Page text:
The Great Planet Swap & Me
Posted April 18, 2011on:
A search crew and some scientists you know and don’t know found a spacecraft about the size of a state buried in some ancient Egyptian ruins. It is so big that it will take hundreds of people to unbury it completely. We want you to come to Egypt and help the crew unbury the craft and study it to maybe find out where it came from and when it came and other facts about the large craft the search crew found.
Your ticket is already payed for. You should be getting it in the mail in about a week. But you have to go on this trip, there’s no way of getting out of it. The reason you have not heard about it is because the ship is kept in great secrecy to every country but Egypt where this takes place.
Secretary of Genral Nelson
(From The Great Planet Swap by Matt Hessel-Mial)
Walking this morning to a Fresh Air podcast about potential life on Mars, and potentially some Martian life that came to Earth brought me back to our son Matt’s signature story, The Great Planet Swap, which was published in a collection of his work as The Great Planet Swap and Other Stories.
Eight-year-old Matt wrote this story in 1985 – before the Internet – about Earth and Mars exchanging planets eons ago via spaceship without realizing the other was doing it. It is only after this discovery of that buried spaceship that this comes to light. When it does, there is a need to defeat the aliens.
I am Matt’s mother but I thought this story was the most creative way of explaining that we are all aliens – but don’t tell the Immigration Nationalization Service. I wouldn’t want any INS raids on my house in the middle of the night.
On Fresh Air, science writer Marc Kaufman was interviewed about his book, First Contact: Scientific Breakthroughs in the Hunt for Life Beyond Earth.
As Kaufman began his book, “If it’s just us in this universe, what a terrible waste of space. But it’s not. Before the end of this century, and perhaps much sooner than that, scientists will determine that life exists elsewhere in the universe. This book is about how they’re going to get there.”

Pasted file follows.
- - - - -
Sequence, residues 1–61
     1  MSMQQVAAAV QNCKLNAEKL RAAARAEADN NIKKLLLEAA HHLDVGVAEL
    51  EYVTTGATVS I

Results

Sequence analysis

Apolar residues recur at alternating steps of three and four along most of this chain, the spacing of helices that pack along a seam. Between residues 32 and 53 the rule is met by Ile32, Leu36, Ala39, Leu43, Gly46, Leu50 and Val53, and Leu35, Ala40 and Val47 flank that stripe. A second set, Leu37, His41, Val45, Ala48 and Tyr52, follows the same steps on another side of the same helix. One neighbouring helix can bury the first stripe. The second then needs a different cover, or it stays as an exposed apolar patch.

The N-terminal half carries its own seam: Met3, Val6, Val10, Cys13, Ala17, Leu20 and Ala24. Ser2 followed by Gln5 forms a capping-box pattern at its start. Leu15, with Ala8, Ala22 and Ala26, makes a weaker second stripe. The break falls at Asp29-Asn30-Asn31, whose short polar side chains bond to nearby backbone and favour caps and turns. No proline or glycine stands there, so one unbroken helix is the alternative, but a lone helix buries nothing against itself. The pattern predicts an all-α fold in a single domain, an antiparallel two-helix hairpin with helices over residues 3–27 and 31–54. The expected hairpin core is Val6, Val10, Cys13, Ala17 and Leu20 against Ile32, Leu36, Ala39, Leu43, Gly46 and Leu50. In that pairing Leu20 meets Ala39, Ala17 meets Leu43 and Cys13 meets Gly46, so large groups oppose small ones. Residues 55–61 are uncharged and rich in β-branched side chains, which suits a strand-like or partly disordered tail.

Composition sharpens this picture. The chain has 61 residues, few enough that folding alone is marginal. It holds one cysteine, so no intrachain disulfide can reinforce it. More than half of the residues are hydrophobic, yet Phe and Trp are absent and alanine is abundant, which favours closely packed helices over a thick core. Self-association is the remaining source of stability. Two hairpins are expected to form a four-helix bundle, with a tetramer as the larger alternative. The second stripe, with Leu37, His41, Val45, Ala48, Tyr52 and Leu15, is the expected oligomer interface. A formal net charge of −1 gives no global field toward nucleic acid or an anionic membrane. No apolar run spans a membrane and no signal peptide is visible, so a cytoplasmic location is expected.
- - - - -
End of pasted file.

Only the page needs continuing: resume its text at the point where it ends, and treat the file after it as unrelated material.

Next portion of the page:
In that book, he describes efforts to find life on other planets, including Meteorite ALH84001, which was found in Antarctica in 1984. According to NASA, it is one of a dozen meteorites found in the world that appear to be from Mars.
A scientist named David McKay published an article in Science magazine in 1996 about that research that appears to show that the meteorite was formed billions of years ago on Mars AND had characteristics of life similar to that on Earth. If you want more to the science you can either read Kaufman’s book or go to http://nssdc.gsfc.nasa.gov/planetary/marslife.html.
My point is less about the science and more about how much fun Matt was and certainly how creative. Without the Internet, he researched Egypt and its landmarks. His stories often included places that we traveled through to get to St. Louis, where I grew up. His character, Mr. Martin, flew to Egypt from Davenport, Iowa, where we often stopped to get our favorite burgers at Steak n Shake – a favorite growing up – “to get in the mood for St. Louis.”
I actually called an airline about how one would get from Davenport to Cairo and Matt and I laughed hard afterwards about the agent trying to sell me a ticket. Matt would have turned 34 this year.
It is incredibly fun to me to think that although Matt died of leukemia nearly 25 years ago, his ideas still are “advanced.”
I’m wondering if Marc Kaufman wrote stories as a little kid like Matt did.
I don’t mean to be a plot spoiler, but I assure you that Mr. Martin escaped from the Great Sphinx, where he was trapped for a chapter. And we Earthlings – or Martians, whoever we are – survived on this planet.
A relief, for sure.